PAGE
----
There are attempts to blame or discredit the victim, to besmirch their reputation in some way as if to try to justify the attack.

It is sad to say that in all of these cases, reports of violence against Roma are brushed off and not treated seriously. Even worse, members of the far-right are openly congratulating themselves on social media, portraying themselves not as violent lawless thugs but as "patriotic Hungarians" – and doing this with the tacit support of Fidesz and the other right-wing parties of Hungary.

If an attack like the one on Tünde had happened against a white Hungarian, the official response would have been on an entirely different level, with no stone left unturned to catch the perpetrator and mass media coverage – not simply a dismissive "the documents will be in the post" and toleration of fascists crowing publicly about their "success". Moreover, in all such cases there are attempts to blame or discredit the victim, to besmirch their reputation in some way as if to try to justify the attack.

Systematic, negative propaganda is spread about Roma people, accusing those of us who have been successful of having done so by cheating, stealing or lying. I and other Roma women especially come under regular attack from the far-right, trying to destroy our reputations or silence us with their threats against our lives and our children, because they fear us.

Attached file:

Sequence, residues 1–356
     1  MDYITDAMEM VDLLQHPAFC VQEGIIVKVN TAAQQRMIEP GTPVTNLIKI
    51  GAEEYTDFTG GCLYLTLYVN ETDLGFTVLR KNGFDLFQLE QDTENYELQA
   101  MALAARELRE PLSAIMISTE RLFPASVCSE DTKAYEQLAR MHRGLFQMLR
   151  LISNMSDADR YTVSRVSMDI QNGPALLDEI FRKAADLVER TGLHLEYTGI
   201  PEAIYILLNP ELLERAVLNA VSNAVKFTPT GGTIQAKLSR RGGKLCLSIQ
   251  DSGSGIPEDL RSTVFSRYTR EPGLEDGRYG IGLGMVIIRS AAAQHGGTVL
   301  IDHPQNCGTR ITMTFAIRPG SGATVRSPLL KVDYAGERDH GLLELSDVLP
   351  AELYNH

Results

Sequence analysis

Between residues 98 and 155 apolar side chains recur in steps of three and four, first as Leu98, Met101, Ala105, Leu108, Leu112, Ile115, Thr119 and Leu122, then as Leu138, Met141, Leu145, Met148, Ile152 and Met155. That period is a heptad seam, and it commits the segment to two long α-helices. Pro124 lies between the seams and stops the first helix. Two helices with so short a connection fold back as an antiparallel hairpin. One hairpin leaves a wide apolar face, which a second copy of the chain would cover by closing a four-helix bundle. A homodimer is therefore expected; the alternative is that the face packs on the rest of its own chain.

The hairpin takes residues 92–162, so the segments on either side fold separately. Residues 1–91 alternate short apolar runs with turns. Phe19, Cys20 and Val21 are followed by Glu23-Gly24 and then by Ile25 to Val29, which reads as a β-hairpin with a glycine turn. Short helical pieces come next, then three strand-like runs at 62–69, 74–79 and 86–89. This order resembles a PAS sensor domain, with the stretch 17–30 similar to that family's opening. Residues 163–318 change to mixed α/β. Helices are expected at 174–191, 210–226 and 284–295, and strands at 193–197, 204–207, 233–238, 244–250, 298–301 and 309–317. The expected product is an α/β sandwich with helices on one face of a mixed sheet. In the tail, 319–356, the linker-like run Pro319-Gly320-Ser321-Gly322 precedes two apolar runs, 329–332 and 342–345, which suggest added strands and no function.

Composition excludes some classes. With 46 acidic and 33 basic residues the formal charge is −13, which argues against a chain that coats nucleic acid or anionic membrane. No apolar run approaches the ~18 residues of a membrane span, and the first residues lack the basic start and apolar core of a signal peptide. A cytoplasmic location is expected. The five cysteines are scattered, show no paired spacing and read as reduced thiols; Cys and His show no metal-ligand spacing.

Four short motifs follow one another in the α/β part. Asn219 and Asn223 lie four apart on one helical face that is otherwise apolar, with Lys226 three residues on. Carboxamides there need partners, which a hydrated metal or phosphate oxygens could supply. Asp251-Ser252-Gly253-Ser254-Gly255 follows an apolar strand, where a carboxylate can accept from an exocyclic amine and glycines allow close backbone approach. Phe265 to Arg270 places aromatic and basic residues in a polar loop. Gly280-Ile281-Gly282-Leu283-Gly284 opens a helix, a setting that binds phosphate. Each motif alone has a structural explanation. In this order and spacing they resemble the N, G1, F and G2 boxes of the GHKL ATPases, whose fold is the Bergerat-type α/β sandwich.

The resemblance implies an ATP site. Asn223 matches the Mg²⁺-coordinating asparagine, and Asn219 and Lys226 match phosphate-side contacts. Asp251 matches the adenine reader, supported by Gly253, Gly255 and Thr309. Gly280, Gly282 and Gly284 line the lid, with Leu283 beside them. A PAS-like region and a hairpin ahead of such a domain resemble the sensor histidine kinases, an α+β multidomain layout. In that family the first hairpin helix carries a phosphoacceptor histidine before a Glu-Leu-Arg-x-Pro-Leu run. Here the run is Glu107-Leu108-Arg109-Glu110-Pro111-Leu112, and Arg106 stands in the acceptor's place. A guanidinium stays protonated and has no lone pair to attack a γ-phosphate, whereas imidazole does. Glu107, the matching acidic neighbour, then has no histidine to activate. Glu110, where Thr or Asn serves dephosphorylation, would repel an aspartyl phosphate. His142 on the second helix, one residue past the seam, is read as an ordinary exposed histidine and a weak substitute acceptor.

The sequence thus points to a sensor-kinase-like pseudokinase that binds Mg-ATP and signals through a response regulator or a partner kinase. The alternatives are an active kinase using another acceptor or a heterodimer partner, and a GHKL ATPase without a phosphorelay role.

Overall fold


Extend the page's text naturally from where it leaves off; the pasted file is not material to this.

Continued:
We are strong, though, we have intelligence, and above all we have honour, integrity, goodness and justice – and we will never bow down to the fascists. Eighty years ago, the Nazis tried very seriously to destroy the entire Roma population of Europe, and now the neo-fascists are trying once more to do the same, but we are still here, and we will continue to stand firm against racism and evil.

I would therefore ask all people of good heart to support Tunde and publicise this hashtag #JusticeForTunde. Together we're stronger! Thank you.

Daniela Abraham is the founder of the Sinti Roma Holocaust Memorial Trust in London, England. This article was first published there.
Daniela Abraham
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Násilí, Anticiganismus, Nazism, Neo-Nazism, Xenophobia